New name badges offer more personal patient experience in General Internal Medicine
Toronto, January 8, 2016
By Jordyn Gibson
RN Ramata Tarawally and clinical assistant Alvin Lumbres are two staff on General Internal Medicine using name badges, which could help enhance health-care providers’ interactions with each other and patients. (Photo by Yuri Markarov)
When Diana Potts, the administrative manager of General Internal Medicine, read the book The Checklist Manifesto, highlighting the importance of remembering seemingly small or obvious things such as people’s names, she thought: “You have a better team when people know each other’s names.”
Potts said she wondered whether name badges in addition to hospital ID badges – with their small print that can be difficult to read – could help enhance health-care providers’ interactions with each other and patients on General Internal Medicine, many of whom are seniors. In October, staff and physicians began wearing both to help enhance communication.
“We are dealing with patients who are very vulnerable, who rely on support for the basic levels of care,” said Potts.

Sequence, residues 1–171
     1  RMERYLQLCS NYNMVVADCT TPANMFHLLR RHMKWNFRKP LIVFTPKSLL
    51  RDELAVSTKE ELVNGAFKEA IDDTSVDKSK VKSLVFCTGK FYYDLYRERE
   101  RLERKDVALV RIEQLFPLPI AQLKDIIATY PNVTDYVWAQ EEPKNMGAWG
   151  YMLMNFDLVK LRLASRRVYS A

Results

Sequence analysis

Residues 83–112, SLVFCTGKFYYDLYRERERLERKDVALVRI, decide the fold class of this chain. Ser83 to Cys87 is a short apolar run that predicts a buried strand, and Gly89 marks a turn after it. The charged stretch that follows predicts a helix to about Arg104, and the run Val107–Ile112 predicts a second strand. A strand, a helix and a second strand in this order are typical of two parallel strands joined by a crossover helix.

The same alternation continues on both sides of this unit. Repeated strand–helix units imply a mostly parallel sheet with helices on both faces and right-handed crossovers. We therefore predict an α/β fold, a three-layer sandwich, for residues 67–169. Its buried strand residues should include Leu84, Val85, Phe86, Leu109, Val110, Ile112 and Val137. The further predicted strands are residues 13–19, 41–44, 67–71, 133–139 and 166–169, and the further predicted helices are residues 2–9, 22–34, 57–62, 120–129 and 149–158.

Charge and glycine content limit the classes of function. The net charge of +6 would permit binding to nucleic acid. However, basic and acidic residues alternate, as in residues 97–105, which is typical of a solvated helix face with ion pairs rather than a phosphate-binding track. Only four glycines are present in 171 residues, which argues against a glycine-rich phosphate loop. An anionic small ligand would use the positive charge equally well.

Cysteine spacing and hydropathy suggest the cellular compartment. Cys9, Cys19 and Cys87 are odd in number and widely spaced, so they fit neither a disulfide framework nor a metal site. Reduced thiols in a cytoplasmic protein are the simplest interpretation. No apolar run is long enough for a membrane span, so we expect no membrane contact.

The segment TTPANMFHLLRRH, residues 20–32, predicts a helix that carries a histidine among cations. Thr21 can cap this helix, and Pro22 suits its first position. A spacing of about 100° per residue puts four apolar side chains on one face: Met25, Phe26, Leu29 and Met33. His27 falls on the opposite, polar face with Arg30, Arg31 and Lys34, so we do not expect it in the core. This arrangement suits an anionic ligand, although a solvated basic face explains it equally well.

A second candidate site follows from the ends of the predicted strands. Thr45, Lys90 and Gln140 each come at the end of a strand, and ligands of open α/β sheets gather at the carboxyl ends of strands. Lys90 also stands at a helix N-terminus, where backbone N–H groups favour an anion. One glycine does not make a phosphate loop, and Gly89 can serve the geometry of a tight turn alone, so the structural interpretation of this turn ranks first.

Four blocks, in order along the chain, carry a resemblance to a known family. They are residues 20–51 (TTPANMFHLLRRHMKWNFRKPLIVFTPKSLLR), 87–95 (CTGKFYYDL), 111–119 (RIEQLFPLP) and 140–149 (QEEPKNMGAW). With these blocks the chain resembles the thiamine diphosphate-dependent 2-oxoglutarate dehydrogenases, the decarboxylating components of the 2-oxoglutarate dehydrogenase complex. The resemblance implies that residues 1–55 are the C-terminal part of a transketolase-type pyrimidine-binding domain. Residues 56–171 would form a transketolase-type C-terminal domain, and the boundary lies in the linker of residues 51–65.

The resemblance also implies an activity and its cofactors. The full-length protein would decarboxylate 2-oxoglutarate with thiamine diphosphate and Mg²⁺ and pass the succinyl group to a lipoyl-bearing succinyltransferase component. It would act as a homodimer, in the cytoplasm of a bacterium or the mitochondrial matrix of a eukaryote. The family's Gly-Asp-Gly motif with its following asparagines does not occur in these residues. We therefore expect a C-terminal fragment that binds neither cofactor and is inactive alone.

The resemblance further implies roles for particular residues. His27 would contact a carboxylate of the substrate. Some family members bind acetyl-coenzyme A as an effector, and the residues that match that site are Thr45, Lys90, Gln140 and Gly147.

The new blue and white tags with the person’s first name help patients and their families clearly identify who is coming in and out of their rooms, Potts said.
“Often patients refer to staff members, but don’t remember their names and it becomes difficult to acknowledge their exchange,” said Potts.
The GIM leadership team hoped the badges would boost collaboration among health-care providers and patients.
“Sometimes, the most obvious initiatives are staring you right in the face, and I think this one is getting an optimistic response,” she said.
About St. Michael's Hospital
St. Michael’s Hospital provides compassionate care to all who enter its doors. The hospital also provides outstanding medical education to future health care professionals in 27 academic disciplines. Critical care and trauma, heart disease, neurosurgery, diabetes, cancer care, care of the homeless and global health are among the hospital’s recognized areas of expertise. Through the Keenan Research Centre and the Li Ka Shing International Healthcare Education Centre, which make up the Li Ka Shing Knowledge Institute, research and education at St. Michael's Hospital are recognized and make an impact around the world. Founded in 1892, the hospital is fully affiliated with the University of Toronto.